Last night, the NHL Network televised the film Slap Shot in celebration of its 40th anniversary. I probably lost count of how many times I have seen this film. However, I have never forgotten the very first time that I saw Slap Shot.
Because people tend to be a bit older when they first see Slap Shot — due to it being Rated-R — they remember when, where and who they were with.
Slap Shot wasn’t a movie that you randomly caught on TV one night. Either your friends made you watch it, or you sought it out on your own.
The first time I saw Slap Shot, it was under a bit of unusual circumstances. In fact, it was a perfect storm that I actually got to see the movie that night, as I saw it at the house of two teammates who had a mother who didn’t let her kids watch anything cool.
I got into hockey in my teen years, and took some hockey lessons. I befriended two brothers who were close to my age who were also beginners. (Most of the kids in our hockey classes were under 10, so the three of us stood out.) These two brothers — we’ll call them Bob and Bill — were home schooled by their mother. They were also pretty suppressed by their mother, who was a Born-Again Christian and literally thought that most popular media was “part of the devil’s plan to influence” her children — her words, not mine. So Bob and Bill could not read comic books. They could not watch many of the TV shows or movies that other kids our age watched. No Ninja Turtles, but here, have a bible.
Needless to say, these home schooled kids were pretty damn awkward and had difficulty relating to other kids our age, since they lacked everyday interaction with their peers and didn’t consume the same media we did. Still, the three of us got along fine for a year or so — a fight in a house league game ended our friendship, but that’s a story for another day.
So I went to Bob and Bill’s house for a sleepover. I brought some hockey cards to trade and some video games to play. I also asked my mom to rent us this movie I heard others talk about called Slap Shot. Who were these Hanson Brothers that everyone liked so much? I was obsessed with everything hockey and really wanted to see this film. We stopped at Blockbuster Video and my mom rented it for me to bring to my friends’ house.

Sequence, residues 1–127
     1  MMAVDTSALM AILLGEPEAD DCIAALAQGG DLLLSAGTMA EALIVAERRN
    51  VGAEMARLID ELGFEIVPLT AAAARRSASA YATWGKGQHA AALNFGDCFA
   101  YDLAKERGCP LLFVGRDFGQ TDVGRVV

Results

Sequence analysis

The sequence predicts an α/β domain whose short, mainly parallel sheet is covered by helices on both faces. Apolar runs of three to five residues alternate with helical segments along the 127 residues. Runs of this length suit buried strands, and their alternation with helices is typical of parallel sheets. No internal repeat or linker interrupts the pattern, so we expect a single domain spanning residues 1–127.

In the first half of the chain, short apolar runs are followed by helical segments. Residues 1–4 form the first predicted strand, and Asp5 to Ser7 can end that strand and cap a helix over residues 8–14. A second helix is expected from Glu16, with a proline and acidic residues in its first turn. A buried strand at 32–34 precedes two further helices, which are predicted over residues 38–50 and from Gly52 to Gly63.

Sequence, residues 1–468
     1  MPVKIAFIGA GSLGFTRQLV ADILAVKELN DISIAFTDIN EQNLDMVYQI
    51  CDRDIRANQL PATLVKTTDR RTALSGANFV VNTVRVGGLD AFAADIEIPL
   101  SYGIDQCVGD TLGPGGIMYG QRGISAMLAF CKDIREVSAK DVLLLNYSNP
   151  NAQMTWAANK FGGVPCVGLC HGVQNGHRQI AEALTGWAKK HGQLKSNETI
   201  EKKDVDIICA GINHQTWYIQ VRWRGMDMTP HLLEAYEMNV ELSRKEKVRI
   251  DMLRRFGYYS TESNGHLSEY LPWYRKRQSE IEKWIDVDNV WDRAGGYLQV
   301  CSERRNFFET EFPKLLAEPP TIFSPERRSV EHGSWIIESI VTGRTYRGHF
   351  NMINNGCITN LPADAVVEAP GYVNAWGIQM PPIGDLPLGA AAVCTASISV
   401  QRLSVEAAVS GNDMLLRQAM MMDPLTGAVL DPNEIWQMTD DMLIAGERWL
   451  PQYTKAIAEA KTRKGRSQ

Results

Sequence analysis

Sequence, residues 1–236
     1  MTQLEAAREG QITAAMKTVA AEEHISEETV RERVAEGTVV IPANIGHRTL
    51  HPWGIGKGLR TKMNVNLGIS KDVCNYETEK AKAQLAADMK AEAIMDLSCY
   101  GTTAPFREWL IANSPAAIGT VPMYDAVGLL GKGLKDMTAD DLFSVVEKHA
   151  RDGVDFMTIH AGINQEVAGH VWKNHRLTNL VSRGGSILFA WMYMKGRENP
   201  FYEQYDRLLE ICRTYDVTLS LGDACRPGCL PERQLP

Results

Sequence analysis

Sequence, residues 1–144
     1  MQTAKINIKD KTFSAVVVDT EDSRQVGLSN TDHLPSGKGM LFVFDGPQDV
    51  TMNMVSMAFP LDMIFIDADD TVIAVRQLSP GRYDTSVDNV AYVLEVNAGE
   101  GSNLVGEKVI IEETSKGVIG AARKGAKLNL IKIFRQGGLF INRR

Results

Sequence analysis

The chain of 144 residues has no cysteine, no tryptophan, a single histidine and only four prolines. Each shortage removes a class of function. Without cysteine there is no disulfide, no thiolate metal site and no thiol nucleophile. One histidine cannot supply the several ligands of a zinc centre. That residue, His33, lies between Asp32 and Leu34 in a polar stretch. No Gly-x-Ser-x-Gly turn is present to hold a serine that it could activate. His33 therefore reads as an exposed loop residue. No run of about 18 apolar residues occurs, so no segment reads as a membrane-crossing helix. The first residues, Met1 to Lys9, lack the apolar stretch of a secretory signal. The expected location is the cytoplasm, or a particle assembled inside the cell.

Now, you are probably thinking, why would someone rent an R-Rated movie for their kid? There’s nudity! And swearing! And violence! But I think my mom was OK with me seeing all that. I was 15, not 5, and she was probably glad that I didn’t want to see something gruesome like The Texas Chainsaw Massacre. Plus, my mom was cool; the total opposite of Bob and Bill’s mom.
Also, I had no idea that Slap Shot was R-Rated. Had I known, I probably wouldn’t have asked, figuring that the answer would be no. All I knew about Slap Shot was that it was a comedy about hockey starring the guy who had his own line of salad dressings.
The original plan was for everyone to watch Slap Shot: me, Bill, Bob and their mother and father, who hadn’t seen this movie either. THAT would have been a friendship-ending disaster of epic proportions; one that probably would have had me banned from their house. Fortunately, things didn’t play out that way.
Instead, after dinner, I got into a long discussion with my friends’ mother, while the two of them sneaked off to play Legend of Zelda (which their mom totally would not approve of.) Our conversation was about religion and evolution. Or more specifically, she was trying to convince me that evolution was a lie and that religion was our path to salvation. I was interested to hear — but not adopt — her view because I went to a Catholic grammar school for five years.
Now it is late, so Bill and Bob’s parents go to bed. That leaves three teenage boys up to our own devices, so of course we watch Slap Shot because no one goes to bed at a decent time during a sleepover.
Early on, when the Charlestown Chiefs are forced to be models in a fashion show, I could tell that this movie was no Ghostbusters. We all laughed pretty hard when Johnny Upton voiced his displeasure in participating, and then made good on his promise moments later.
And then there’s the “post-sex” scene where Reggie Dunlop lies in bed with Suzanne; probably the first time Bill and Bob saw nipples that weren’t their own.
“Normally, our mom would fast forward through these parts,” Bill said.
“Well, let’s not wake her up, then,” I replied, turning the TV’s volume way down so that no adults would hear what we were watching.
Naturally, the three of us enjoyed the hockey and hockey fight action, the swearing, and all the sophomoric humor. The Hanson Brothers’ debut game had us all rolling with laughter, as did the part when the Hansons climb into the stands to fight the audience. And I still recall Bob giggling like a girl when the Chiefs moon their opponents’ fans.
During breakfast the next morning, Bill and Bob’s mother asked us if we watched “that hockey movie” and if we liked it.
“Yeah…it was all right,” I said. My two fiends smiled and nodded in their agreement.
I can’t remember what hockey cards I traded, or if we had pizza for dinner, or anything else we did. What I do remember is that it was the first time that I saw Slap Shot — and it was awesome.
Did you make it to the end of this article? You are awesome too! Please share your own memory of the first time you saw Slap Shot.
Follow Sal Barry on Twitter @PuckJunk. ■